Book Review: My Secret Bully

by Trudy Ludwig
Reading Level: Grades 1–4

The narrator of My Secret Bully, Monica, doesn’t waste any time. On the very first page, she reveals that she has a secret bully named Katie. And the next sentence sums up the crux of relational aggression, or emotional bullying: “A lot of people would be surprised to know this because they think she’s my friend.”

Monica relates a series of recent incidents with Katie, who has been her friend since kindergarten, that leave Monica confused and hurt. Among other things, Katie whispers about Monica to groups of mutual friends, calls her “Mon-ICK-a,” tells her who she should and shouldn’t play with, ignores her, and intentionally leaves her out of activities.

And although Monica does all the right things to deal with it—like calling Katie to talk about it, and then talking to her babysitter about it—they don’t work, and Monica ends up thinking, “Maybe there was something wrong with me.”

It isn’t until Monica ends up asking to stay home from school for the third day in a row that her mom finally gets her to reveal her “bullying secret.” Monica is relieved that her mom truly hears her (“she really listened to me”) and doesn’t make light of her concerns. Instead of telling Monica she’s overreacting or imagining it, her mom helps her solve her problem.

Social and Emotional Lessons in My Secret Bully

Ludwig’s first-person narration and Abigail Marble’s simple but expressive watercolor illustrations reveal a problem that has no clear cause and is not easily solved. Monica never does figure out why her friend Katie turns into her secret bully, and while some readers may find that unsatisfying, it is certainly realistic.

Monica’s mom is what most parents aspire to be: calm and resourceful, with the time, patience, and knowledge to say and do exactly the things her daughter needs to solve a painful and confusing problem. She assures her daughter that she is not alone (even revealing, to Monica’s surprise, that she had the same problem as a kid). She even role-plays with Monica, pretending to be Katie so that her daughter can “practice out loud what I wanted to say to her, without sounding like a bully myself.”

The ultimate solution to Monica’s problem seems a bit quick and simple—all she has to do to make the bullying stop for good is to look Katie “straight in the eyes” and say, “‘Does it make you feel good to make me feel bad? Because friends don’t do that to friends.’” But if real-life relational aggression takes a bit more work to stop, at least Ludwig gives the reader an excellent and practical starting point. At the end of My Secret Bully, Ludwig explains relational bullying, its signs, and its solutions to parents and teachers; a list of steps that a bullying target can take; discussion questions; and additional resources, including recommended books about bullying for kids and adults.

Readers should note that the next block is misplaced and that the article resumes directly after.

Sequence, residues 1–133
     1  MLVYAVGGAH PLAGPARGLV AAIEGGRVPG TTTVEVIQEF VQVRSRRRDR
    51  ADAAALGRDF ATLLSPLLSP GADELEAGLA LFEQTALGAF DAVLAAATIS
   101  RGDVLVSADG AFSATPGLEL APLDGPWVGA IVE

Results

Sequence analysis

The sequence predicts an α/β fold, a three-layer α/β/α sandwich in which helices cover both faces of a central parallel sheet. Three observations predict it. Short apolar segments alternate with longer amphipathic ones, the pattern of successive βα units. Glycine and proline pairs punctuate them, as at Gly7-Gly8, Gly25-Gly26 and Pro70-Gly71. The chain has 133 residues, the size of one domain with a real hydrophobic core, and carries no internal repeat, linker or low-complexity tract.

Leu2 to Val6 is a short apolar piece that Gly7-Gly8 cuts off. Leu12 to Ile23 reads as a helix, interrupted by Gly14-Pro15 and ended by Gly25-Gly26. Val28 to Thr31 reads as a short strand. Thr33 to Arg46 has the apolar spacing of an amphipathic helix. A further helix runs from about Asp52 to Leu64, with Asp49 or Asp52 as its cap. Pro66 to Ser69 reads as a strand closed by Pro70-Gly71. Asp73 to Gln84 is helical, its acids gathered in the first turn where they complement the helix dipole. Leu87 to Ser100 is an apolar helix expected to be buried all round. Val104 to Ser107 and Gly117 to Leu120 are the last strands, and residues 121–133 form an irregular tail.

Most encouraging of all is the turnaround Monica experiences in her self esteem. By the end of the book, she has learned what all children should know: “Now that the secret’s out, I don’t feel bad anymore. It’s nice to know that whatever I do, I’m going to be just fine!”

Writing Activity for My Secret Bully

Choose one of the writing prompts below and write a few sentences responding to it in your journal or on a fresh piece of paper. If other people will be reading this, don’t use names. Teachers: Encourage students to use prosocial, non-bullying language and solutions in their writing.

Writing prompts (choose one):

  • Imagine you’re Sarah. What would you say to Katie and Monica so that Monica would feel included in your game?
  • Imagine you’re Katie. Write down five reasons why you’re bullying Monica.
  • Monica goes to her mother to help her solve her problem with Katie. List three other adults Monica could go to, and why.
  • Monica’s mom says she had a secret bully when she was a kid, too. Write a short story about what happened to Monica’s mom.
  • Imagine you’re Katie. Write a letter to Monica apologizing for bullying her.

Buy now! My Secret Bully